What Not To Say To Someone With MS

Cardiff-20130530-00192When I was going through the whole MS diagnostic process, people said the strangest (and hurtful) things to me.

It was hard enough coming to terms with MS, far less finding smart replies to insensitive comments. Everyone has an opinion and they can’t wait to give it to you.

Even after diagnosis, the comments still keep coming, perhaps because MS is, for now, a mostly invisible illness for me and trying to convey the symptoms to other people is as difficult as counting brain lesions without an MRI.

So here’s my handy print-out-and-keep list of what not to say to someone with MS. Give it to all your newly-diagnosed friends to prepare them for the onslaught and before long, they’ll have ticked every one, several times over:

  • You need to stay positive.
  • You’ll be fine, they can do wonders these days.
  • My auntie/friend/great-uncle Billy had that, and they’re great now.
  • When are you giving up work?
  • I’ve heard Diet Coke and chewing gum can give you MS. 
  • You get to sleep a lot? Wow, great symptom, wish I had that. 
  • Hey, it could be worse. 
  • But you look so good!
  • If you get a blue badge, can I borrow it?
  • Have you tried (insert any number of miracle cures here…)?
  • You’re so brave.
  • You’re cancelling our evening out…AGAIN??
  • At least you don’t actually look disabled. 
  • You’re not using that old MS excuse again, are you?

So what should they say? Best piece of advice is not to presume things, just ask me questions. Ask what it means to me and my life. Everyone’s MS is different.

And if you don’t know what to say, say nothing. Just give me a hug and crack open the chocolate….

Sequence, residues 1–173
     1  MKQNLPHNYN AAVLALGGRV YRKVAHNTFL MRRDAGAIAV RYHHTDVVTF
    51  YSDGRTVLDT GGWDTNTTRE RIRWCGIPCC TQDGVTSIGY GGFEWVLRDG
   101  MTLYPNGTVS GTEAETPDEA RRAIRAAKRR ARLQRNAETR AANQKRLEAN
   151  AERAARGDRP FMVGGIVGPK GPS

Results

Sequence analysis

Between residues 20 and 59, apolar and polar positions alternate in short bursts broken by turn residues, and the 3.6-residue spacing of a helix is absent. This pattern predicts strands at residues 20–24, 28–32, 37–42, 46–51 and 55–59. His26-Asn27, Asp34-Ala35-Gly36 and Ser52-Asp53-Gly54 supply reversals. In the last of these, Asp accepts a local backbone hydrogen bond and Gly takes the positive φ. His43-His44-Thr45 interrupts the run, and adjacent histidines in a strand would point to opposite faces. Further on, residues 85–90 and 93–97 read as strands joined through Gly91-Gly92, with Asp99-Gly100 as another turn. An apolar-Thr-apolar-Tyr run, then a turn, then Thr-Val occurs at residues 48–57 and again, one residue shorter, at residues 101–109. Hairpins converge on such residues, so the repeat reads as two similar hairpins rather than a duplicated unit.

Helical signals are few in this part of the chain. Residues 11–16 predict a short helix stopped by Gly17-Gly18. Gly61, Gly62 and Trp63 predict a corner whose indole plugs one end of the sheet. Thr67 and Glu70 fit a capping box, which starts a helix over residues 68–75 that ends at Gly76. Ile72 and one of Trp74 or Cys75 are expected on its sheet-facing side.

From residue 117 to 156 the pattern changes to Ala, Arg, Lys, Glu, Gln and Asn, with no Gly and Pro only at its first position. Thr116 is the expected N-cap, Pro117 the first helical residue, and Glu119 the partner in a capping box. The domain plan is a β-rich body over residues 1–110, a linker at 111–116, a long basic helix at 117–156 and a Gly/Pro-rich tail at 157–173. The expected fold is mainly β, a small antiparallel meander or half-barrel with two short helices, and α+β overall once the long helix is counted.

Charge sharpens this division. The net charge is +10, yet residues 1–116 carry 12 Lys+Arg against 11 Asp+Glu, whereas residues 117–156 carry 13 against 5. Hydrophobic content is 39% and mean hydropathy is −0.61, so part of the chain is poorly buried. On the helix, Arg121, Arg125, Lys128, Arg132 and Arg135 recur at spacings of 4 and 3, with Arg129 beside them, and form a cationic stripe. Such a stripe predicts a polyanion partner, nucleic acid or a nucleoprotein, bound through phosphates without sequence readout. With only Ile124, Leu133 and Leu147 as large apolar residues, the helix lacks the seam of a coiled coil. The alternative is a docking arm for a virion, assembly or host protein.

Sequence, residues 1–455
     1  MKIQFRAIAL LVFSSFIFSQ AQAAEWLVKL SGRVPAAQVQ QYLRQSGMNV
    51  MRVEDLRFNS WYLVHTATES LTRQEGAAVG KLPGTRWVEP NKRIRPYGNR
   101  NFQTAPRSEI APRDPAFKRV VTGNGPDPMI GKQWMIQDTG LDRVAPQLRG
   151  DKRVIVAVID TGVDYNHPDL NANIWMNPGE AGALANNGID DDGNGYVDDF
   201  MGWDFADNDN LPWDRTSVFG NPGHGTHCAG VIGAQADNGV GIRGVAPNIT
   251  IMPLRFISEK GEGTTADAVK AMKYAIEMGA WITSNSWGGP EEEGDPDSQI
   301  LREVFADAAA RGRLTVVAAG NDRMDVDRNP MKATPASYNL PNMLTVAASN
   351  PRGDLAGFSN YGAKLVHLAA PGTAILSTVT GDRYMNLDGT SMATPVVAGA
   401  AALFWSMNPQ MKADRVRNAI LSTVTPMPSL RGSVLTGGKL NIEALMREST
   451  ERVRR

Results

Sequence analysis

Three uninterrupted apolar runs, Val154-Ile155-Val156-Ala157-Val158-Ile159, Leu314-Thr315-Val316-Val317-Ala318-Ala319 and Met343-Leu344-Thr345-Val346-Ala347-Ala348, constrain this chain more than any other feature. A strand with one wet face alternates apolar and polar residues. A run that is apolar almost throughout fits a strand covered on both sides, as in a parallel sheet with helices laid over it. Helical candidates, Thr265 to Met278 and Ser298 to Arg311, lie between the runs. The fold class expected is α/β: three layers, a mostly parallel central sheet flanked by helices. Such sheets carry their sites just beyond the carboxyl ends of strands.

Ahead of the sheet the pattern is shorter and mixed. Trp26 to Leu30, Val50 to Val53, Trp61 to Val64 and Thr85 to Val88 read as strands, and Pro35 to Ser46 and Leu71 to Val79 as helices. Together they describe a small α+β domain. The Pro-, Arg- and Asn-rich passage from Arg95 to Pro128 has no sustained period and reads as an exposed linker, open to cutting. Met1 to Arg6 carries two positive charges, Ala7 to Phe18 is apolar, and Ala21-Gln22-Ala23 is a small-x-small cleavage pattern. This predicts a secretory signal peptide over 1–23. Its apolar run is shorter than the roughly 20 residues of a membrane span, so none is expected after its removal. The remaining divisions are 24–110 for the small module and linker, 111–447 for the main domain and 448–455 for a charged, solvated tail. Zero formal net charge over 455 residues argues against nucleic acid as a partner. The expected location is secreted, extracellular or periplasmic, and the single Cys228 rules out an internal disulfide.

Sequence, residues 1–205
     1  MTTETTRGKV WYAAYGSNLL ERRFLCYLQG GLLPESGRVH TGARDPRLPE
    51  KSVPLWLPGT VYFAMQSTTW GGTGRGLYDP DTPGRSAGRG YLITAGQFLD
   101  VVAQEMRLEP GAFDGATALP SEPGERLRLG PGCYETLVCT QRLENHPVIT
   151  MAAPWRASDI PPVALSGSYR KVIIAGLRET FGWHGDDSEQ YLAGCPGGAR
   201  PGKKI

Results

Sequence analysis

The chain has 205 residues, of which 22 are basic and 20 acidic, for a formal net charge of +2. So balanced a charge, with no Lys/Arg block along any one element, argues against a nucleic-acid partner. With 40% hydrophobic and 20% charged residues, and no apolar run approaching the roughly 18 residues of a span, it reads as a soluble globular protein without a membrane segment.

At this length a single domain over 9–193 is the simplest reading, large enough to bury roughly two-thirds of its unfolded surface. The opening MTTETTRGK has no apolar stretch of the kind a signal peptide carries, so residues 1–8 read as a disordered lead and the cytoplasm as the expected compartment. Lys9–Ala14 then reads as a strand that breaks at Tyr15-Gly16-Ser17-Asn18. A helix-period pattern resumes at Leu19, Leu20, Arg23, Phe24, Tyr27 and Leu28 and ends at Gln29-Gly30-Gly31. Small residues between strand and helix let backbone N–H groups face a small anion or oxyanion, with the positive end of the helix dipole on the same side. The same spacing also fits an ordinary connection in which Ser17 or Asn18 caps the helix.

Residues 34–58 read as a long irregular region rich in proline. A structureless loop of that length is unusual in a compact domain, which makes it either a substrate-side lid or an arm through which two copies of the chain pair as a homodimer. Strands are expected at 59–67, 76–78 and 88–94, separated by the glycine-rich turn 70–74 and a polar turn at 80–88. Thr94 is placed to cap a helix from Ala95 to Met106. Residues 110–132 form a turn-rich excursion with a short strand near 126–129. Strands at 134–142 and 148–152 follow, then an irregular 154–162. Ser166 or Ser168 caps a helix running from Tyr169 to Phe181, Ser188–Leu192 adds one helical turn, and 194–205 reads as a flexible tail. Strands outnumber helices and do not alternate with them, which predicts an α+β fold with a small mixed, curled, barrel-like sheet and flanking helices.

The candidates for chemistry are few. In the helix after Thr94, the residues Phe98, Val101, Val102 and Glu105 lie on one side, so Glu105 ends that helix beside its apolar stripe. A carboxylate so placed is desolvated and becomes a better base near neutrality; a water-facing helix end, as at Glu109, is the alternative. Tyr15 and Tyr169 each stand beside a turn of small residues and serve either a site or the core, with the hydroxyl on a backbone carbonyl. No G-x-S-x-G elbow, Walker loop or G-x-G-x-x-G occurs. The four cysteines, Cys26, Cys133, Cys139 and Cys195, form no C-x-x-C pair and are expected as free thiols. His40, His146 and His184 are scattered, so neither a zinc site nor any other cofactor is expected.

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23 thoughts on “What Not To Say To Someone With MS

  1. Ellen says:

    Ugh. I’ve heard most of those too. Or how about, “Are you sure? They just give that diagnosis to a lot of people these days” (said in a tone suggesting there’s nothing wrong that a little sleep and maybe a few vitamins wouldn’t fix).

    And, once you do get that parking placard, then people glare at you with hate as you struggle to get your groceries in the car because you look so good nothing could possibly be wrong with you! (Perplexingly, I even get this sometimes when I’m using my cane! I guess they think if you’re not actually in a chair, then you’re just lazy and can’t be bothered.)

    On a related note, when someone close to me was diagnosed with Parkinson’s, friends helpfully offered up stories of people they knew who had it and who were incapacitated and in need of round-the-clock care. Books were helpfully offered about incapacity and caregiving. This is not what you want to be looking at when you’ve just been diagnosed and are still in the early stages! It boggles the mind–do these people really think they are doing a service?

    And I really, really hate the one related to #2 on your list: “They have such great medications for that these days!… I’ve heard.”

    • stumbling in flats says:

      Hiya Ellen!
      That’s a good one for the list, ‘Are you sure??’ These people are crazy. Because of course, I could be making it all up for the attention.